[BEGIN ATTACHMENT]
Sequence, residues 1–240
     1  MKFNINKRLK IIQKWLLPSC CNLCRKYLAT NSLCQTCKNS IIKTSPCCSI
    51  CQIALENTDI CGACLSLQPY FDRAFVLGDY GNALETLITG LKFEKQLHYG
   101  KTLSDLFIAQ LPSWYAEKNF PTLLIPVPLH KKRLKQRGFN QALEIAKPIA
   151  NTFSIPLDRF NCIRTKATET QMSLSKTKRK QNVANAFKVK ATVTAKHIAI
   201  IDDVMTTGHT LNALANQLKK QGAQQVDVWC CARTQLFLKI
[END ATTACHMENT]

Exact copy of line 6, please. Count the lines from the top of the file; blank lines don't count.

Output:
   201  IDDVMTTGHT LNALANQLKK QGAQQVDVWC CARTQLFLKI